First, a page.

International Cultural Exchange in Occupied West Germany

A key aspect we address in our tripartite project, which focuses on cultural exchange through translation between French-, German- and English-language journals, is how cultures reconnect with each other after periods of conflict. At the end of the Second World War, Western Germany was occupied by the French, British and Americans, who belonged to the coalition of Allied Forces that had opposed the Nazi dictatorship. Responsible for different regions, these forces determined which cultural artefacts (e.g. newspapers, books and magazines) appeared in the regions under their control, and what kinds of content and message was conveyed by them. In our project we have been looking, for instance, at Die Umschau [The Survey] which was published in Mainz, a region under French military control and ran from 1946 to 1948. This magazine explicitly drew on French journals such as La Revue Internationale [The International Review], Les Nouvelles Littéraires [Literary News], Les Temps Modernes [Modern Times] and the Revue de Paris [The Parisian Review] for the material it subsequently published in German translation, although material by Anglophone writers could also be found in the pages of Die Umschau. Issues of the magazine included articles on the current political climate and on developments in the arts. Above all it addressed the sense of uprootedness many intellectuals felt, but stressed the responsibility they carried to remain politically, socially, and culturally engaged in the wake of war.

What was life like in occupied Germany under the French military government? This is the focus of the current exhibition at the Historisches Museum der Pfalz Speyer [Historical Museum of the Palatinate, Speyer], with the title Rendezvous. Frankreichs Militär in der Pfalz, 1945-1999Rendezvous. France’s Military in the Palatinate, 1945-1999. The area known as the Pfalz, or “Palatinate”, which borders on the French region of Alsace, had already been occupied by the French following the First World War. Conversely, parts of France were occupied by German forces from June 1940 until shortly before the end of the Second World War. By May 1945 French troops, supported by the US military, had entered the southern Palatinate with the aim of reaching the Rhine. This river was strategically important, as crossing it would accelerate Allied troop movements into southern Germany. A pontoon bridge constructed to span the Rhine at the town of Germersheim was inspected personally by General Charles de Gaulle on 7th April 1945.

While the Allied victory at the end of the Second World War freed Germans from living under national socialism, for many this felt more like a defeat than a liberation. Initially, the French military government was particularly distrustful of Germany. This, coupled with the dire economic situation evident in the poor housing conditions and food shortages of the immediate post-war period, made the early phase of the occupation a source of tension. Distinctions between the occupiers and the occupied were clear in everyday life. As contemporary photographs in the exhibition show, even into the late 1960s French soldiers were only allowed out into the towns and villages surrounding their bases in the Palatinate, if they were dressed in military uniform. Increasingly, though, cross-border initiatives such as sporting events and Franco-German twin-town associations saw the development of cordial exchanges between the regions. The last French troops withdrew from the Palatinate in 1999.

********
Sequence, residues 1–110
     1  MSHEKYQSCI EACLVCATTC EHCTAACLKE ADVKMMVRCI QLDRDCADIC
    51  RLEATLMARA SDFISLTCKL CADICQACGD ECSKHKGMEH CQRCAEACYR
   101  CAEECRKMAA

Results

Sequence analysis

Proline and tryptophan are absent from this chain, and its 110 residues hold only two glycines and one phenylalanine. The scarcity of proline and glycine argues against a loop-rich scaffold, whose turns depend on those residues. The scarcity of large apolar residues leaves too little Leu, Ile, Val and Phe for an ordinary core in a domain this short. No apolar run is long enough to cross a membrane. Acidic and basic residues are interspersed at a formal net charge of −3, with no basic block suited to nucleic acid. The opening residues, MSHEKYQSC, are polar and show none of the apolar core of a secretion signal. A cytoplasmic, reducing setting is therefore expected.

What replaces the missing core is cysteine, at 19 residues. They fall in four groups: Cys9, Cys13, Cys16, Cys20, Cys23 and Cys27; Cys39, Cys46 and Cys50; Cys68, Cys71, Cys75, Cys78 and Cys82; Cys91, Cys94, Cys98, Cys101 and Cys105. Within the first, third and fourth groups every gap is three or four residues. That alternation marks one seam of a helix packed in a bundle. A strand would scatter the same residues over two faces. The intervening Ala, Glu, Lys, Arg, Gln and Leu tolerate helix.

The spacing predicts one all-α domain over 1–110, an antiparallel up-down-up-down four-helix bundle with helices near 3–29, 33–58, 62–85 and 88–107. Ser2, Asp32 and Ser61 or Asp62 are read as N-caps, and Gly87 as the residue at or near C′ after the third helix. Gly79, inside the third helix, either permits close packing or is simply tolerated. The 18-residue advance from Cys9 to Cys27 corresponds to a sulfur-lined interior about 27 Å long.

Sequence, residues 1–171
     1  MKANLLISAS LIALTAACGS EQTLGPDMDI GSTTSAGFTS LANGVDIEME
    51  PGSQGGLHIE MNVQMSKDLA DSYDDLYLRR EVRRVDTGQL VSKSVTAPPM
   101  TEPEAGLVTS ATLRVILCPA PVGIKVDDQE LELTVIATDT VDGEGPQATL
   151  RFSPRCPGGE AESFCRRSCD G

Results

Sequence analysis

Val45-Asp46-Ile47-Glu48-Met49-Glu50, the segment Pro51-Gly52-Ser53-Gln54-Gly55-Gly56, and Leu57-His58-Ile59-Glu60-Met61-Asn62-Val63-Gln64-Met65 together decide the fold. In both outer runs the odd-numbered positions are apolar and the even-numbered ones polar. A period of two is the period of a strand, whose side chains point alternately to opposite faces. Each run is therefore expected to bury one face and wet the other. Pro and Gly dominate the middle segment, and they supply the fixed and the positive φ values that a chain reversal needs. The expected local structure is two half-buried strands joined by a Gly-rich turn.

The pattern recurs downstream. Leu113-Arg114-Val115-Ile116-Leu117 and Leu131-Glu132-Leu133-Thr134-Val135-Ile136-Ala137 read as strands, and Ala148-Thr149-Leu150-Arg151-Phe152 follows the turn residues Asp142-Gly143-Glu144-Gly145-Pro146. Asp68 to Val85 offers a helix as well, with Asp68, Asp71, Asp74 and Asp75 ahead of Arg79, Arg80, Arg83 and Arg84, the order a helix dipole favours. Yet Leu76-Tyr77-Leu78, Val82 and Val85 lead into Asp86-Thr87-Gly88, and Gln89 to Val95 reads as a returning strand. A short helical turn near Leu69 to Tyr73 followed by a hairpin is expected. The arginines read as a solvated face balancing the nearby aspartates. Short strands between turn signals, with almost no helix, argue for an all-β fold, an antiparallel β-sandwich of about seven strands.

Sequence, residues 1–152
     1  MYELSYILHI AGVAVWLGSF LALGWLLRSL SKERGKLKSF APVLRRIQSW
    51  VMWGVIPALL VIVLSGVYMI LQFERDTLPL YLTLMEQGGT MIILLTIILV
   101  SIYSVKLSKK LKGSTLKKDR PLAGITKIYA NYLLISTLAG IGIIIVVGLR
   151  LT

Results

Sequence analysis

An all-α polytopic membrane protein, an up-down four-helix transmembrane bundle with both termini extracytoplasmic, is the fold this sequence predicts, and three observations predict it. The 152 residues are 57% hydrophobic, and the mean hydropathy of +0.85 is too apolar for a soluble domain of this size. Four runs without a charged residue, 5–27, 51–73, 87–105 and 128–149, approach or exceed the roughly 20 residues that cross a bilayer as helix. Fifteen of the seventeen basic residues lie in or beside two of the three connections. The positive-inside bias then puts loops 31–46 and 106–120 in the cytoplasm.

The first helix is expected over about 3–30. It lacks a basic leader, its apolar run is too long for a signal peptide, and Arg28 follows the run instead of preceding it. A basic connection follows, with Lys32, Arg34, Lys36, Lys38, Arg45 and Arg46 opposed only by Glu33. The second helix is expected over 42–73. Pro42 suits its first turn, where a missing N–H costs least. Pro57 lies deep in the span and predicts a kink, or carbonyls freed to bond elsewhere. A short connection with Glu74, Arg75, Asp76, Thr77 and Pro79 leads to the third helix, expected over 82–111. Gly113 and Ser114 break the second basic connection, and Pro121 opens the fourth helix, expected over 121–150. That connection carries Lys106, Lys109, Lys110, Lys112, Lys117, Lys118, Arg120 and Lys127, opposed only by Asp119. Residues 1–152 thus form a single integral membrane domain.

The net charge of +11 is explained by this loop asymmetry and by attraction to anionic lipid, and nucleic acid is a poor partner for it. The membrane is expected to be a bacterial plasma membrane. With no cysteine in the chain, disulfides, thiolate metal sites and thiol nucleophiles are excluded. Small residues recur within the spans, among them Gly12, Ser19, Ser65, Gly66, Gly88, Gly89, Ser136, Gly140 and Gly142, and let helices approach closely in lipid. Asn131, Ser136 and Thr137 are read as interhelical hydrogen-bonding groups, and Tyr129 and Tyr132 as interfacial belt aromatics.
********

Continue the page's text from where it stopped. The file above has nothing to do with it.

Some of the themes reflected in the Rendezvous exhibition in Speyer resonate through Die Umschau: the startlingly different backgrounds of those forced together by war, the significance of film, theatre, and popular music as a means of escape from hardship, and above all the importance of hope as the nations of Europe tried to chart a course towards reconstruction. In one of its 1947 issues, Die Umschau carried an article by the German dramatist Bertolt Brecht on the democratisation of opera to reflect the needs of the greater public, and an extract (in translation) from the American playwright Thornton Wilder’s Our Town, which relates the story of a fictional small town through the everyday lives of its citizens. From reading Die Umschau, it becomes clear that war had brought about a global sense of disorientation. The questions it raised were intended to make readers think about their role in the construction of the cultural and political life of a post-war Europe.

The gradual return to the everyday, the need to involve German citizens in the processes that were slowly beginning to shape the culture of a new Europe: these are some of the themes that we will also be examining in a bilingual Anglo-German exhibition run as part of our own research project. This exhibition which will be held from 6th May to 19th June 2022 at the Tourismus-, Kultur- und Besucherzentrum Weißenburger Tor, in Germersheim. The exhibition is free and open to the public from 10 am each day, and has disabled access.

Alison E. Martin

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